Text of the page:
Set of photographs show lions biting at and finally destroying the tyre of a Land Rover while the passengers of the vehicle look on apprehensively.
It is unclear exactly where or by whom the photographs were taken but there is no reason to doubt their authenticity. There have been many verified reports of lions and other big cats chewing at car tyres.
Subject: Africa is no place for sissies
This series of photographs is currently circulating via email and is also a popular topic for various blogs and online forums.
Young lionesses stalked several cars in the Krugersdorp Lion Park at the weekend, terrifying the occupants, then attacked one car, chewing the tyres and scratching bodywork.The images depict lions apparently chewing through a tyre of a Land Rover 4WD while the vehicle’s worried passengers watch warily from within.
Although it is so far unclear exactly where or by whom the photographs were taken, there is no reason to doubt their authenticity. There have long been reports of lions and other big cats chewing at car tyres. It has been suggested by experts that lions, being curious animals, may be intrigued by the rubbery smell and warmth of car tyres and therefore exhibit the chewing behaviour.
It seems quite possible that the photographs were snapped at a lion park near Krugersdorp in South Africa which is well known for such tyre chomping incidents. A 2005 report published in the South African news section of News24 notes:
Alwyna Holtzhausen of Centurion told on Monday how the lioness and 10 others in the pride attacked more than one vehicle in the park on Saturday afternoon.
Holtzhausen now has a chewed car tyre, a dislodged windscreen wiper and deep scratches on her car’s bumper and paintwork.
Another News24 article published in 2007 indicates that such tyre chewing incidents are not uncommon:
Beeld readers on Thursday told the newspaper about lions at a lion park near Krugersdorp that love to ‘attack’ tourist vehicles and demolish tyres.
Gert Moller is one Beeld reader who related his experience with lions at the Rhino and Lion Park at Kromdraai outside the town.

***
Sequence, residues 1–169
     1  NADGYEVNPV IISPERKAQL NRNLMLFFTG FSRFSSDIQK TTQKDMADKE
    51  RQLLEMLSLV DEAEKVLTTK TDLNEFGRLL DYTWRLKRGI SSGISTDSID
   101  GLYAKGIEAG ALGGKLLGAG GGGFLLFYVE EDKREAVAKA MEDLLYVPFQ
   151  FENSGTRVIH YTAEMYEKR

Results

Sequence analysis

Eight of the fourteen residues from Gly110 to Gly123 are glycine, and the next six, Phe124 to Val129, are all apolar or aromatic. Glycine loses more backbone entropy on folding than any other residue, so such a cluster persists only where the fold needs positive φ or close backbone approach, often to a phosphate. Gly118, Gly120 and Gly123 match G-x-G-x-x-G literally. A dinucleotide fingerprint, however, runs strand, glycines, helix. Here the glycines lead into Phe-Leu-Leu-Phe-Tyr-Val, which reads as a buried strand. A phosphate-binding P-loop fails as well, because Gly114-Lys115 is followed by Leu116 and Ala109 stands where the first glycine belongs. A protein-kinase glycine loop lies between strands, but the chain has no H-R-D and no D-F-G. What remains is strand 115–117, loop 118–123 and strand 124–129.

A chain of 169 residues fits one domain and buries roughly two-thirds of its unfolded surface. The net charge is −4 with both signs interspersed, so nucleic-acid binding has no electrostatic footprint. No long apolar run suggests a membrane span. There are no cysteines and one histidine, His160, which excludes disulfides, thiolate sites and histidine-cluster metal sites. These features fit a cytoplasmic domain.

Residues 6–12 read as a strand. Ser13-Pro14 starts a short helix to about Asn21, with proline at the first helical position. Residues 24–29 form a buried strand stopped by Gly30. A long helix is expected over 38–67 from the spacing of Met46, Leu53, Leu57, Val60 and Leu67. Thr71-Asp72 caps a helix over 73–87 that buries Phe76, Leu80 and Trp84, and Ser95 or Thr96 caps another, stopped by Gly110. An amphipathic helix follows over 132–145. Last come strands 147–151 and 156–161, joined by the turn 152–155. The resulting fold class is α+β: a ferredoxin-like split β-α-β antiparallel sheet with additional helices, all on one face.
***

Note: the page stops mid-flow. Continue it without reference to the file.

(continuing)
A young male lion made a meal of the tyre of another car during his visit.
The game warden tried to distract the lion by getting closer in a bakkie, but he ignored him and just kept on chomping on the tyre.
Visitors to the park are handed leaflets advising that the lions sometimes chew tyres and there are also warning signs in place.
A label on the back of the Land Rover indicates that the vehicle was supplied by a dealership located in Potchefstroom, a South African town within easy driving range of the Krugersdorp Lion Park.
The caption that comes with the photographs claims that the lions “chomped through all four tyres and the spare, 3 of them while the vehicle was moving”. While this claim may quite possibly be true – the images show that the lions do bite at the spare tyre and one front tyre – it appears that only one of the vehicle’s tyres, the right rear, has actually been destroyed at the time that the last photograph was snapped.
Regardless of the exact details of the incident, it is easy to see why the hapless inhabitants of the Land Rover look so apprehensive in the photographs. A first hand report from visitors to an unnamed South African lion park tells of a harrowing incident in which several lions attached a Volkswagen beetle and destroyed its tyres. The visitors were effectively trapped in their small vehicle until park attendants finally came to rescue them.
Some commentators have suggested that the Land Rover’s rear tyre may have already been flat before the lions began their rubber chomping. This might explain why the vehicle is apparently stationary despite the “No Stopping” sign clearly visible in the first photograph.
Last updated: April 22, 2013
First published: August 26, 2008
By Brett M. Christensen
Importance NoticeAfter considerable thought and with an ache in my heart, I have decided that the time has come to close down the Hoax-Slayer website.
These days, the site does not generate enough revenue to cover expenses, and I do not have the financial resources to sustain it going forward.
Moreover, I now work long hours in a full-time and physically taxing job, so maintaining and managing the website and publishing new material has become difficult for me.
And finally, after 18 years of writing about scams and hoaxes, I feel that it is time for me to take my fingers off the keyboard and focus on other projects and pastimes.
When I first started Hoax-Slayer, I never dreamed that I would still be working on the project all these years later or that it would become such an important part of my life. It's been a fantastic and engaging experience and one that I will always treasure.
I hope that my work over the years has helped to make the Internet a little safer and thwarted the activities of at least a few scammers and malicious pranksters.
A Big Thank YouI would also like to thank all of those wonderful people who have supported the project by sharing information from the site, contributing examples of scams and hoaxes, offering suggestions, donating funds, or helping behind the scenes.
I would especially like to thank David White for his tireless contribution to the Hoax-Slayer Facebook Page over many years. David's support has been invaluable, and I can not thank him enough.
Closing DateHoax-Slayer will still be around for a few weeks while I wind things down. The site will go offline on May 31, 2021. While I will not be publishing any new posts, you can still access existing material on the site until the date of closure.
Thank you, one and all!